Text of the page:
History: Snow safety | AspenTimes.com

History: Snow safety

Thirty years ago in February 1986, Paul Andersen at The Aspen Times reported on the worst avalanche danger in years. "Weather watchers could see coming a long way off, the storm. No, THE STORM! In California the rain fell for weeks. Rescue workers are still sifting through the rubble and cleaning up after subsiding flood waters. In the Sierras snowfall was being measured by feet rather than inches. … From Colorado we watched it come closer and closer like the inevitable, terrifying monster of a Japanese B grade movie. … Highlands Bowl broke loose and rumbled down with a fury not seen here in 30 years. The massive avalanche went 3,600 feet into Castle Creek, twice as far as most major slides recorded in the deadly bowl. In Snowmass, the ski patrol recorded 150 avalanches within its operating boundaries. One took out the entire headwall above Hanging Valley, leaving Volkswagen-size boulders of hardpacked snow and other debris littering a ski route. … As one of Colorado's biggest recorders of avalanches, Snow Safety Director Hal Hartman of Snowmass Ski Area didn't appear too impressed with the Headwall slide. 'We've seen bigger,' he stated, matter-of-fact. But at Snowmass, where high winds above timberline are common, the avalanches occurring in places like the headwall are hard slab. And that makes them more destructive and more dangerous. 'Windloading is our big enemy out here,' said Hartman. Taking precautions after another snowfall Hartman opened, closed and reopened the headwall area due to high winds. 'The bottom line is safety for our guests,' he said." Image by Rick Lindner in 1976 of patrollers assessing Hanging Valley as an area to open for skiing.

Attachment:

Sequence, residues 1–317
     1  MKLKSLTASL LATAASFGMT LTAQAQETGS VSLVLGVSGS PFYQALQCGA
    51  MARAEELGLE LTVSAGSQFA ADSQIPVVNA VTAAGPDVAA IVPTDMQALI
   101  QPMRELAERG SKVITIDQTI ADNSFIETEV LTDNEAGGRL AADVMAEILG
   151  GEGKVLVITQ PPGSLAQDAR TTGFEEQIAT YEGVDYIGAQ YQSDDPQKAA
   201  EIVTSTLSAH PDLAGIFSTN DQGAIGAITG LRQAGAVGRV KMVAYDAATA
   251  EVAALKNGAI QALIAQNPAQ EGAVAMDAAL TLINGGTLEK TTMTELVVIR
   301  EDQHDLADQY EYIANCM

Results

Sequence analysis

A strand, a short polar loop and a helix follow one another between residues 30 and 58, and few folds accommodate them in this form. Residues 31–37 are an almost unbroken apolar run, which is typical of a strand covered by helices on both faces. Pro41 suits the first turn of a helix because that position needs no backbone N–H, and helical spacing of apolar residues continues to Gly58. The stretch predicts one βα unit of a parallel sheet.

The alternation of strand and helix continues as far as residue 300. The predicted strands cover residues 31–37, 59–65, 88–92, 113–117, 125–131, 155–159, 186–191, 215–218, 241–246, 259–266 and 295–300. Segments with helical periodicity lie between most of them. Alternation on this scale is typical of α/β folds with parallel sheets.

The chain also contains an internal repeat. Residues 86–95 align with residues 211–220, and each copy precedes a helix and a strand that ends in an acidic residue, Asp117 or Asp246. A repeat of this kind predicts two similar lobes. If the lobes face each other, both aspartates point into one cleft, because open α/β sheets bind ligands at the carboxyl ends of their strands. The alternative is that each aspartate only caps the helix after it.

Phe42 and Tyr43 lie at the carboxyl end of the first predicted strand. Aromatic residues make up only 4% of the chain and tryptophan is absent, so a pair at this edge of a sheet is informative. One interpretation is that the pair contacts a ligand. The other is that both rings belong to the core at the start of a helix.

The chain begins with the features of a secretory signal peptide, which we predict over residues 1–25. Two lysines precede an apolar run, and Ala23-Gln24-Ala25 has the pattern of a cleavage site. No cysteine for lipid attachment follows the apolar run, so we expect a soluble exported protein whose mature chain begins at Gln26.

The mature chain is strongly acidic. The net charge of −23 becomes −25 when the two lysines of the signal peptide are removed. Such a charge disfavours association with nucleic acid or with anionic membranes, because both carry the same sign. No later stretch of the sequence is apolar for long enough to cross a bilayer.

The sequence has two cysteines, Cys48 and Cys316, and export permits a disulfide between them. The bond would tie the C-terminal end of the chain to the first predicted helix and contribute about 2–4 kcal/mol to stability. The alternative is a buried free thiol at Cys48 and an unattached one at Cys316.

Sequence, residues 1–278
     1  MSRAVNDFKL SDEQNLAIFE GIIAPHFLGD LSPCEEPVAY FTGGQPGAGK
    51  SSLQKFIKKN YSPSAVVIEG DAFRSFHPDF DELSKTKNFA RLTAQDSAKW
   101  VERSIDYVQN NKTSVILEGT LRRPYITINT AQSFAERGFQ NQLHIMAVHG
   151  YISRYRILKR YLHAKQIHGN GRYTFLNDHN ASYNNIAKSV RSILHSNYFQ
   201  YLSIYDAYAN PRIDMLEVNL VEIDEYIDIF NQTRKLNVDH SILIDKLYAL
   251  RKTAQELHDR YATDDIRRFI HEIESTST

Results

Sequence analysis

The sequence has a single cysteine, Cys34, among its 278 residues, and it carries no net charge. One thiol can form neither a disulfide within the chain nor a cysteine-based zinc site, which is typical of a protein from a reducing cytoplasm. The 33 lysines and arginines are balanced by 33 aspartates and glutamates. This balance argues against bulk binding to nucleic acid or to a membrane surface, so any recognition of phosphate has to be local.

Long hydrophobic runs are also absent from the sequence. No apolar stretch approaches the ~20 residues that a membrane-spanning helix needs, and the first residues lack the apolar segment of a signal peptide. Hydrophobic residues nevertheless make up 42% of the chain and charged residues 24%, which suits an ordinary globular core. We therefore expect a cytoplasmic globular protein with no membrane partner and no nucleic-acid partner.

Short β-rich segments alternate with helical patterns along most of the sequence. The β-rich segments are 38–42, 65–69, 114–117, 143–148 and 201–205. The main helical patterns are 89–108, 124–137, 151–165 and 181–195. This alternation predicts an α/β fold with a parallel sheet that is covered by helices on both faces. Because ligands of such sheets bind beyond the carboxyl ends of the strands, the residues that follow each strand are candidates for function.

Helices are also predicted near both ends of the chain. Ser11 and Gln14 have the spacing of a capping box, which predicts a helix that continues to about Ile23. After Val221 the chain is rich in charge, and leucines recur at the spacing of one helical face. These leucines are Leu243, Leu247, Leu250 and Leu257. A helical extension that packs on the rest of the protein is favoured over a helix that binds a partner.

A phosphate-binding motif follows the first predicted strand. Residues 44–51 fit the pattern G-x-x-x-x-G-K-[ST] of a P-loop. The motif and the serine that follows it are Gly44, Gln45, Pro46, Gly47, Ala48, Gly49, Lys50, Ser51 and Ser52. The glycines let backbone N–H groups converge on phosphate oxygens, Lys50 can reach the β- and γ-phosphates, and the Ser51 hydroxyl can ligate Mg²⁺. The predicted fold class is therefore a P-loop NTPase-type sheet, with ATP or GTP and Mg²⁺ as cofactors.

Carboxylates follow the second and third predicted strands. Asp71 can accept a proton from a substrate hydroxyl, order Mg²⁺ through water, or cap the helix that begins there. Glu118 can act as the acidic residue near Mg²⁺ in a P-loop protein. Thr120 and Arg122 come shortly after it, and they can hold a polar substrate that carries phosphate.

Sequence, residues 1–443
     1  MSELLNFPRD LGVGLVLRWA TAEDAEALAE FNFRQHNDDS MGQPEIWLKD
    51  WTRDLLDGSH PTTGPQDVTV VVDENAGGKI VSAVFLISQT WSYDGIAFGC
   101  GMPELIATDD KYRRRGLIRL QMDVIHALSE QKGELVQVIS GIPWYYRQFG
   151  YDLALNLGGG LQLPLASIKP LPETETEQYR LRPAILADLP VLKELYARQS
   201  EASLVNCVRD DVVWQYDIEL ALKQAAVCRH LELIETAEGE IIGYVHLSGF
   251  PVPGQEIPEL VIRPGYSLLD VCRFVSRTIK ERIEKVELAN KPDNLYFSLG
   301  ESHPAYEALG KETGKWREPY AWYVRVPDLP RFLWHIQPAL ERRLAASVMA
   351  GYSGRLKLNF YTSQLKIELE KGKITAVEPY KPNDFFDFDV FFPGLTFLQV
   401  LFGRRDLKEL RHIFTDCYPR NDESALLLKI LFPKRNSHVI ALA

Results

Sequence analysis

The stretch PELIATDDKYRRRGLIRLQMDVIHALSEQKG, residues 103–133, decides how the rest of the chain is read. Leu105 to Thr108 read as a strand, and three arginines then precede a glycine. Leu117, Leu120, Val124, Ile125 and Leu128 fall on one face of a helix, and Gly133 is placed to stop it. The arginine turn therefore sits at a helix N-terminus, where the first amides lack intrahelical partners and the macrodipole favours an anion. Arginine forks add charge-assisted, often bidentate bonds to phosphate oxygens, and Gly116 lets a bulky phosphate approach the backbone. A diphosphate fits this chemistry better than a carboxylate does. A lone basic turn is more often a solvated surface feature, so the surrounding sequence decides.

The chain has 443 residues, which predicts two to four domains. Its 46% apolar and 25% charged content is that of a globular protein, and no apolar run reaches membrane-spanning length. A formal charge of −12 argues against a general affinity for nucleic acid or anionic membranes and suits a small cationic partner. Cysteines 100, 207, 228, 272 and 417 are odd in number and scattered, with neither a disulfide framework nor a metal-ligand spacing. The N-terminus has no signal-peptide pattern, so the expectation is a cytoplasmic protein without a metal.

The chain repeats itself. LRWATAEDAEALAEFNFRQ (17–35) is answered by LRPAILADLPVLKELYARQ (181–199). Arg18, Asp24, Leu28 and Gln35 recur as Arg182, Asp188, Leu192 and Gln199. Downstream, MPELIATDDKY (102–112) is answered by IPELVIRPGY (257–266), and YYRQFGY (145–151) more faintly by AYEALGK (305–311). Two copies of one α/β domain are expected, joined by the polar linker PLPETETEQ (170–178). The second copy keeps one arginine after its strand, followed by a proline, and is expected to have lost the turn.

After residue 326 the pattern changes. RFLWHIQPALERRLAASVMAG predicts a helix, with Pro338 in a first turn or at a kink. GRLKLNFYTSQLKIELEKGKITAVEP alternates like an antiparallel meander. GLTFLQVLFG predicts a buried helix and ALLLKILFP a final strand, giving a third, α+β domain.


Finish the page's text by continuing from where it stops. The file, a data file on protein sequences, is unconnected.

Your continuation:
Last week, the Snowmass Sun printed an article about how trails on Snowmass ski area got their names, and it contained some missing or in some cases incorrect information. Thanks to Martin Nordhagen, Steve Sewell and Ray Greiser, we now know that:

Cassidy’s and Willy’s are named for ski patrollers Kevin Cassidy and Willy James.

While Roberto Gasterl was ski-school director for some time, at the time of his death he was a ski patroller.

Cookies and Baby Ruth are the nicknames of ski patrollers Mike Cook and Ruthie Brown.

Sheer Bliss was named for a wood chipper used on that part of the mountain.

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